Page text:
A claim for violation of the Education Clause is unlikely to succeed so long as the school district makes up the hours missed due to the strike,[22] because, by statute, each school must meet a minimum number of hours of instruction each year—establishing a clear standard for the amount of instructional time that constitutes an adequate education.[23] Students and parents could also allege that they were not given the benefit of a “general and uniform system of public schools”[24] because the interruption to their school year was unparalleled in other districts, but this claim would be likely to fail as well because the school year’s start and end dates already tend to vary from district to district.[25]

However, an Equal Protection Clause claim could succeed by alleging that Minneapolis Public Schools students—a discrete and identifiable group of students in Minnesota[26]—experienced impermissible discrimination because they were provided a lesser education. The State of Minnesota may counter that education delayed—even for several weeks—is not unequal or discriminatory, but this is false. Perhaps because of the unpredictability and inconsistency created by strikes, and the abrupt and unplanned pause in the flow of curriculum, studies have found that strikes harm student achievement.[27] Whether or not students were harmed would likely at least be a question for the jury, and education experts will likely testify that missed class time, even when made up, has negative impacts on students—all of whom fare far better in stable and predictable environments.[28] Therefore, Minneapolis students may have a plausible claim for a violation of their rights under the Equal Protection Clause of the Minnesota Constitution.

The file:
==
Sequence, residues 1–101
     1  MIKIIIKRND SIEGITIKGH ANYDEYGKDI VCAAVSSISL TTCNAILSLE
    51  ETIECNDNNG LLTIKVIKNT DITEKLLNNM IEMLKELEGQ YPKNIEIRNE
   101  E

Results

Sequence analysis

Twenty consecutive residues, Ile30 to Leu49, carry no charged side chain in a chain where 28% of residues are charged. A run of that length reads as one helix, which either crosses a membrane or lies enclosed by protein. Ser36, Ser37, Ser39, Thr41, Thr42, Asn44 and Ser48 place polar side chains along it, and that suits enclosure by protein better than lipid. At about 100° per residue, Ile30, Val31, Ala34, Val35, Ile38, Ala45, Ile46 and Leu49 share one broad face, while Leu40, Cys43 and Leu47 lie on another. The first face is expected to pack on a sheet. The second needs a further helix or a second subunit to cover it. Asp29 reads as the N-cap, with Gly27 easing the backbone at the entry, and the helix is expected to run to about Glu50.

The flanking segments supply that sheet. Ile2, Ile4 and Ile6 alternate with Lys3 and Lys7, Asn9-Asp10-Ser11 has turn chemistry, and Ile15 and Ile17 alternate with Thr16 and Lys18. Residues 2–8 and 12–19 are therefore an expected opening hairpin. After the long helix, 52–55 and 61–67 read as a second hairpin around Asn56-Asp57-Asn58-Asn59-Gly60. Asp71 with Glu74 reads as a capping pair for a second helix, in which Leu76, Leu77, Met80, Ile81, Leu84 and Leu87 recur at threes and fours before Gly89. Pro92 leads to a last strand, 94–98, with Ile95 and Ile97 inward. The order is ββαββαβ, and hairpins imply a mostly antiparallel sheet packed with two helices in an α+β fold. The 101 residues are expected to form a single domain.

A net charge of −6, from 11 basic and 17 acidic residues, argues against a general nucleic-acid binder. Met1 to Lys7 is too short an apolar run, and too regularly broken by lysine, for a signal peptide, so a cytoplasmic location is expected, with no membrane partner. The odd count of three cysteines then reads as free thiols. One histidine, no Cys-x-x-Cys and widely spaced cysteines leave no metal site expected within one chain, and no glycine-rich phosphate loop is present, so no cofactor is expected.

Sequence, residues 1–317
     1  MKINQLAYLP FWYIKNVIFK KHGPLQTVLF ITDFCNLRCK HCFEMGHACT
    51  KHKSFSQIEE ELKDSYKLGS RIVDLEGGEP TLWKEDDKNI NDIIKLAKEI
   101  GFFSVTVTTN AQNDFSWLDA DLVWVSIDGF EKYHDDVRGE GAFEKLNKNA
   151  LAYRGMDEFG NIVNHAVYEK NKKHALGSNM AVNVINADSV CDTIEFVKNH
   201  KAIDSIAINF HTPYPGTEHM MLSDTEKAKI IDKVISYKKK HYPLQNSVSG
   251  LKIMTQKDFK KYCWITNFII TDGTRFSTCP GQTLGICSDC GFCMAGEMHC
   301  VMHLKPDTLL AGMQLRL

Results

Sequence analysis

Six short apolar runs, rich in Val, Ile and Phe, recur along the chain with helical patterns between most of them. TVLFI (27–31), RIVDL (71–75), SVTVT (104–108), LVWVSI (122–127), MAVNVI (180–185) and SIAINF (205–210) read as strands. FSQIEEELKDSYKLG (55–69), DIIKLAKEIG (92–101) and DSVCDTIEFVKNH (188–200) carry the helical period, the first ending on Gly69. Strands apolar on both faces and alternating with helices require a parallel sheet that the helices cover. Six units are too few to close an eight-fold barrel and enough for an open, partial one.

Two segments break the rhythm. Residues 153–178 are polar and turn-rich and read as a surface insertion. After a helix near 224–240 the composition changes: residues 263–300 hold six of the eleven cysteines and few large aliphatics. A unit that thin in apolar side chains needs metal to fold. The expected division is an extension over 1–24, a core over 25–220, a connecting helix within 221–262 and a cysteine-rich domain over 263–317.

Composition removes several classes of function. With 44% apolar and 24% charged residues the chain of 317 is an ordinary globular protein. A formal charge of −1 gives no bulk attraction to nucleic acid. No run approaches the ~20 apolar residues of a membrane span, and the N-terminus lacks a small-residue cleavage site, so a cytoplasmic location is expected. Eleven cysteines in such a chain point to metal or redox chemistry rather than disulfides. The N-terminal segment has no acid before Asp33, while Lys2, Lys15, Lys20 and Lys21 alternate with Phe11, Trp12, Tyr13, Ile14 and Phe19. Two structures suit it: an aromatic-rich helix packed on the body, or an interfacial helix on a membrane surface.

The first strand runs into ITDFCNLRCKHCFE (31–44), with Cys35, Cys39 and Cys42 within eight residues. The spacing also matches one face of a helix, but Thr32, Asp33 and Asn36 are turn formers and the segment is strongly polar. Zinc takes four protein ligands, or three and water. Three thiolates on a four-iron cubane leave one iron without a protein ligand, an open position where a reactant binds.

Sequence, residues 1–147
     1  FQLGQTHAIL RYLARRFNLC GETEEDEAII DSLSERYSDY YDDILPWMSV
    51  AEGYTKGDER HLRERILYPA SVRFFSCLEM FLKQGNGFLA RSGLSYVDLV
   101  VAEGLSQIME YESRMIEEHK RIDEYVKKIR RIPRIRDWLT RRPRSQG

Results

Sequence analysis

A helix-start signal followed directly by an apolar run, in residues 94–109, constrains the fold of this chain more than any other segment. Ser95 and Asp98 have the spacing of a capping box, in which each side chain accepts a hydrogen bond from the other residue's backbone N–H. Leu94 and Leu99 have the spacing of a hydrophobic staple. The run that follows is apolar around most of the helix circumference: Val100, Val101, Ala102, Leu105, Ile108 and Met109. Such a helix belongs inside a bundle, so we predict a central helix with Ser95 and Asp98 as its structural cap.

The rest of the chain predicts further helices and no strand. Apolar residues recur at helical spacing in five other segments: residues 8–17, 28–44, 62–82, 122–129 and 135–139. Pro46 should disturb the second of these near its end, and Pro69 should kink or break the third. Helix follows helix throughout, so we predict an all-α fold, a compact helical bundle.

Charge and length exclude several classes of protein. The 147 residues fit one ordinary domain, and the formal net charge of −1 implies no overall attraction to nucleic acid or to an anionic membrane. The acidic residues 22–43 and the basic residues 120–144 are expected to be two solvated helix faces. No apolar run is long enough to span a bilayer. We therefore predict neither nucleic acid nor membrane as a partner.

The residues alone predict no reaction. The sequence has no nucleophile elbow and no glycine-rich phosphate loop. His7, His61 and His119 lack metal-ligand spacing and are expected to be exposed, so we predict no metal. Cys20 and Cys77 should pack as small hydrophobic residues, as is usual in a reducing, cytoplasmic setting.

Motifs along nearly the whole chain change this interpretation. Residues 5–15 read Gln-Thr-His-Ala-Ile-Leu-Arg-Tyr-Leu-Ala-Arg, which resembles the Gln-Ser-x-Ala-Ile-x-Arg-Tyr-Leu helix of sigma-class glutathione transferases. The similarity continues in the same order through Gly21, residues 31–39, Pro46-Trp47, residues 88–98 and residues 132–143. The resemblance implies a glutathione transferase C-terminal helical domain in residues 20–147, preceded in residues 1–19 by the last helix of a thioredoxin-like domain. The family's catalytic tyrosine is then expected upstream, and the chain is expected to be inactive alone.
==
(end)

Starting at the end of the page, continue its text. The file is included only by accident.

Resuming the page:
The state legislature is likely responsible—and liable—for this constitutional violation. The Education Clause undoubtedly imposes a duty upon the legislature to ensure a “general and uniform” system of public schools,[29] and a system in which some students are receiving a far lesser education is neither general nor uniform. The Minnesota Supreme Court was clear in Cruz-Guzman that “the Education Clause constitutes ‘a mandate to the Legislature,’” and claims against the legislature for violating the Education, Equal Protection, and Due Process Clauses are justiciable.[30] Consequently, the legislature has an obligation to step in and meet educators’ demands to provide needed funding.[31] This strike should not be addressed by Minneapolis Public Schools alone. The Minnesota State Legislature has a constitutional responsibility to prevent and resolve strikes and provide students with the education they deserve; it may not shy away from this constitutional, and moral, imperative.


[1] Minneapolis Public Schools Quick Facts, Minneapolis Pub. Schs. (Sept. 2021), [].

[2] See, e.g., Teachers’ Strike: What Families Need to Know, Minneapolis Pub. Schs. (Mar. 8, 2022), [].

[3] Samantha HoangLong, Minneapolis Teachers Strike: Negotiations Continue, Impacts of No School, Fox 9 KMSP(Mar. 11, 2022), [].

[4] MPR News Staff, Educators in St. Paul, Minneapolis Public Schools Vote in Favor of Strike, Minn. Pub. Radio (Feb. 18, 2022), [].

[5] See, e.g., MPR News Staff, Minneapolis School Leaders Issue ‘Final Offer’ to Educational Support Professionals in Move to End Strike, Minn. Pub. Radio (Mar. 20, 2022), [].

[6] Tara Kini, Tackling Teacher Shortages: What Can States and Districts Do?, Learning Pol’y Inst. (Jan. 11, 2022), [].

[7] John Lauritsen, St. Paul Community Leaders Say a Teachers Strike Would Hurt Students, CBS Minn. (Mar. 7, 2022), [].

[8] See Elizabeth Shockman, What Minneapolis Teachers Are Asking for, and Why the District Says It Can’t Afford It, Minn. Pub. Radio (Mar. 11, 2022), [].

[9] See Hoff, supra note 6 (“On the second day of the Minneapolis teacher’s strike, educators took their message to the capitol. They rallied on the steps to ask lawmakers to use at least some of the state’s $9.25 billion budget surplus to fund their demands.”); Caroline Cummings, Minneapolis Educators Rally Outside Capitol, Urge Legislature to Use Surplus to Boost Wages, CBS Minn. (Mar. 9, 2022), []. Others have responded that the legislature should refuse to give money to an individual district that has seen declining enrollment for almost a decade, arguing that “Minneapolis parents and kids are voting with their feet.” See Jennifer Hoff, Can Minnesota’s $9 Billion Budget Surplus Fund the Demands of Striking Minneapolis Educators?, Kare 11 (Mar. 9, 2022), [].